A newly released
survey, Paths to the top – best practice leadership development for finance
professionals, found that, although female accountancy students might make up
half or more of those entering the profession, very few were found at senior
Of almost 3500 ACCA members almost two-thirds of respondents feel it was
easier for men to become finance leaders than women.
As of August 2007, there was only one female financial director in the FTSE
100 and less than 10% of partners with the UK Big Four were female. In all, 63%
of respondents felt ‘it is easier for men to become finance leaders than for
Work-life balance was cited as the main reason why it was harder for women to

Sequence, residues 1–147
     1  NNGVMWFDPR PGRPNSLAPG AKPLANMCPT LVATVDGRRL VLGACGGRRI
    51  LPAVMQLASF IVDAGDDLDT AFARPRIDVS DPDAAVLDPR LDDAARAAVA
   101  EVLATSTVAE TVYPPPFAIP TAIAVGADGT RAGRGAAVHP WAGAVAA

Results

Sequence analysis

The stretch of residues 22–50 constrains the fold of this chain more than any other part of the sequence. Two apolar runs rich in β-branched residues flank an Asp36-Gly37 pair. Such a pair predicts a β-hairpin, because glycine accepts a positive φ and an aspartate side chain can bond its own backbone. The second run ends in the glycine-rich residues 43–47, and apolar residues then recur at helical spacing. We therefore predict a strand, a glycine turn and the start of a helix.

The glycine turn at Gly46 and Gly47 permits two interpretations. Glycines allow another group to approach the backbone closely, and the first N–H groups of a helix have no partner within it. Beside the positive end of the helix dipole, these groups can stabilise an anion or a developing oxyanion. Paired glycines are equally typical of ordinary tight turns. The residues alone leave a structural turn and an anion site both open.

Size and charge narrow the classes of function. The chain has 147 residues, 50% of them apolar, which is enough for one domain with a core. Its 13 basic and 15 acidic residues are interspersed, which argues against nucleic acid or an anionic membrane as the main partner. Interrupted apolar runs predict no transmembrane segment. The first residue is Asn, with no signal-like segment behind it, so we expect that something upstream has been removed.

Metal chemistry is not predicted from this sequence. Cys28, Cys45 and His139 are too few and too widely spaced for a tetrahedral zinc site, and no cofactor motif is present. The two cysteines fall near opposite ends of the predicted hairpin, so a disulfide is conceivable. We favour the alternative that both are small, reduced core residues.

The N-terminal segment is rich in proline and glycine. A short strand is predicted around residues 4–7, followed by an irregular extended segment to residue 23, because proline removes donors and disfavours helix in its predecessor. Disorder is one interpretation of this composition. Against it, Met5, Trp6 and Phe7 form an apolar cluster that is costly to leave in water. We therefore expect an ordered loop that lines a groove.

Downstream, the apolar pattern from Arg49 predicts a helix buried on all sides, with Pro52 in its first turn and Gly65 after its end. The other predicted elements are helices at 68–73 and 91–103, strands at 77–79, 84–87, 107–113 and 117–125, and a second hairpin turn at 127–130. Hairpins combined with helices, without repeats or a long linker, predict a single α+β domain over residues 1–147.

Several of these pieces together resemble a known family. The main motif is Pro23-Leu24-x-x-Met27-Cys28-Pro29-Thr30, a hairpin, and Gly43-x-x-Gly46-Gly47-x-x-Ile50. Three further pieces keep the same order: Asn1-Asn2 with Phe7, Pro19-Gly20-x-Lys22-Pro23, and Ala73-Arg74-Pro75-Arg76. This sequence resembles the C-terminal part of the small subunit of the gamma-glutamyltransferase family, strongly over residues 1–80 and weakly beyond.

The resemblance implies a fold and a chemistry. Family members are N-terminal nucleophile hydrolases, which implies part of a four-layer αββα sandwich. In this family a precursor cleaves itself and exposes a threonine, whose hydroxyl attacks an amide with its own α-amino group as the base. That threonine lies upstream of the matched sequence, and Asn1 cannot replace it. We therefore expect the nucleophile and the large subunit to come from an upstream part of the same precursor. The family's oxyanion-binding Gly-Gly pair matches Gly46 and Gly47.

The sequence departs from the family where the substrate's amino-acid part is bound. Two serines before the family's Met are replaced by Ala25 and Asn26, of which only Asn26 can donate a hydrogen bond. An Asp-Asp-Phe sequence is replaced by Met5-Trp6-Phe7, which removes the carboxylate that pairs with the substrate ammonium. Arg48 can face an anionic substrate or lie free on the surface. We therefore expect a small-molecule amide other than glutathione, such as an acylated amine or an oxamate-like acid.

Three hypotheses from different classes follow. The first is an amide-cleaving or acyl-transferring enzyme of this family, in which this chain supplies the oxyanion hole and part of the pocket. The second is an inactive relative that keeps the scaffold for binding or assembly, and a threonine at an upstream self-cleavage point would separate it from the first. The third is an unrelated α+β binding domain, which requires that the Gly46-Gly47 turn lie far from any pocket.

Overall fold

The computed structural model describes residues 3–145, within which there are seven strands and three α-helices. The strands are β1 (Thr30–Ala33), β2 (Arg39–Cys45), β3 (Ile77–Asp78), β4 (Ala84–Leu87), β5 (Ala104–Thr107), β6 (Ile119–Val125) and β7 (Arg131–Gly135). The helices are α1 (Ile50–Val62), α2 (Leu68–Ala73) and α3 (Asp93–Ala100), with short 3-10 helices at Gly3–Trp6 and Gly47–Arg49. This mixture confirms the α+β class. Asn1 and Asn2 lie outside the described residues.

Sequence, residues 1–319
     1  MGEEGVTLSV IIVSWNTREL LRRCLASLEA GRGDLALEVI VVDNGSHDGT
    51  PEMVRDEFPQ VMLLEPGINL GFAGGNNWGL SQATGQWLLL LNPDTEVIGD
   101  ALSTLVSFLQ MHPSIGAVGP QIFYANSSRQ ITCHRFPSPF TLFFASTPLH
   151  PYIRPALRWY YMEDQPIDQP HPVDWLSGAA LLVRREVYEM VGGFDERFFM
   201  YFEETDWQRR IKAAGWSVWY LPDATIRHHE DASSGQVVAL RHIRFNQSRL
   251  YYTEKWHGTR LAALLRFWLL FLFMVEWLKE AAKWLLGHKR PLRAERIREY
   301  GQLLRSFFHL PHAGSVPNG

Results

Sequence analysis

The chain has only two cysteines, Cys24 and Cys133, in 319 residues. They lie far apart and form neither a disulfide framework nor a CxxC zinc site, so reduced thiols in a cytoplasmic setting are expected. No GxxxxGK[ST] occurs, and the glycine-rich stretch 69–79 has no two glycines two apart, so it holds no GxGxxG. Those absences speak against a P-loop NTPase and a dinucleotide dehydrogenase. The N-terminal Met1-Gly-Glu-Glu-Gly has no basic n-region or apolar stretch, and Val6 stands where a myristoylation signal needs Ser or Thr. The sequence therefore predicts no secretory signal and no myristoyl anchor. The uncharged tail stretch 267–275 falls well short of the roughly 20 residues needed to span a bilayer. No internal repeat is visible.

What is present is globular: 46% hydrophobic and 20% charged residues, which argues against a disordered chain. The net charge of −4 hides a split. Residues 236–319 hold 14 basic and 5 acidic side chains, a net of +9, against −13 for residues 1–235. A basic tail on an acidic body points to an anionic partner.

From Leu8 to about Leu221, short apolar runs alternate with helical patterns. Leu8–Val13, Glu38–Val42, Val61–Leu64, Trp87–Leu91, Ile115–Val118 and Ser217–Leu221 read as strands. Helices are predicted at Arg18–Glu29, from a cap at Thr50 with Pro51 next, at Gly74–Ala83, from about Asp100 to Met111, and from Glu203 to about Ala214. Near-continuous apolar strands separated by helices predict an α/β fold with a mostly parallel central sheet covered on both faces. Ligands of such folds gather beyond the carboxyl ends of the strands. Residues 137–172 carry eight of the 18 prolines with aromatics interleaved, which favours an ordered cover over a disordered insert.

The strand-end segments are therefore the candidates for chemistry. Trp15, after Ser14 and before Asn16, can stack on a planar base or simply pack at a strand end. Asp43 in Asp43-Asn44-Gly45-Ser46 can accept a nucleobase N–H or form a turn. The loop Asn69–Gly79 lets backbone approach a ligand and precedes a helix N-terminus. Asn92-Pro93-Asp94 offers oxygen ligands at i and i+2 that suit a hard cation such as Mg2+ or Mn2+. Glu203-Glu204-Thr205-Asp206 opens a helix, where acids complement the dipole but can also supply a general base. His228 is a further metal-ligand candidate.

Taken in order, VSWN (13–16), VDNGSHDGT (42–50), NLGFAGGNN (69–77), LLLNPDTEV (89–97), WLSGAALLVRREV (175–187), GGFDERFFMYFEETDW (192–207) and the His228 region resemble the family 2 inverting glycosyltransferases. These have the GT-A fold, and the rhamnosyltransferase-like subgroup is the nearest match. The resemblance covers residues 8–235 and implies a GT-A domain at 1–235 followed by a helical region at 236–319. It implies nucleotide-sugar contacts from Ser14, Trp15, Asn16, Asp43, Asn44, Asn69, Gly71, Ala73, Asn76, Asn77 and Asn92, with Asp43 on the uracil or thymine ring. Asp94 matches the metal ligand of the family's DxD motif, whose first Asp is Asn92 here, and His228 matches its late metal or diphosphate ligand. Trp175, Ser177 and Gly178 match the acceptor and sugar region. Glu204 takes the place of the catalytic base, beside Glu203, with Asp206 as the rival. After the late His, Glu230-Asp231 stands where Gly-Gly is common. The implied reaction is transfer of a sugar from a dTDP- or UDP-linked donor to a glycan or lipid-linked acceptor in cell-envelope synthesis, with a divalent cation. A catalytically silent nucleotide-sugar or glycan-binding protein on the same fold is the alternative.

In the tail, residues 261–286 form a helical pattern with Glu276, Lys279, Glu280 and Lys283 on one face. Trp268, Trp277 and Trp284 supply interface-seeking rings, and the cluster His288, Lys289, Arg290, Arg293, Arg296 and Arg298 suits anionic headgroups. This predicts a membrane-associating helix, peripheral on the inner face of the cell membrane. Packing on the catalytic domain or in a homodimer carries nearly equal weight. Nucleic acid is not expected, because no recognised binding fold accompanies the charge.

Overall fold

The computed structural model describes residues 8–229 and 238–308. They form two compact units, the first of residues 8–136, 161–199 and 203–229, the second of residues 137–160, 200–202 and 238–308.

get to the top (67%) but institutional bias and cultural expectations were cited
by 46% of respondents as barriers. ‘Clearly, this remains an issue for the
profession and employers to focus on more as insufficient progress appears to
have been made in the last few decades,’ the report said.
The survey found 44% of respondents felt the recruitment process was
transparent, but significantly, a third felt that it was not.
Simon Wright of CareersinAudit.com discusses how an effective cyber defence force is critical to businesses worldwide and how internal auditors can make the transition to a new career in cyber security
The FRC has said that the investigation will 'consider, but not be restricted to, issues regarding misstated accounting balances'
Craig Maxwell joins the audit and assurance team in Scotland
Stephen Grayson to join the audit department in Manchester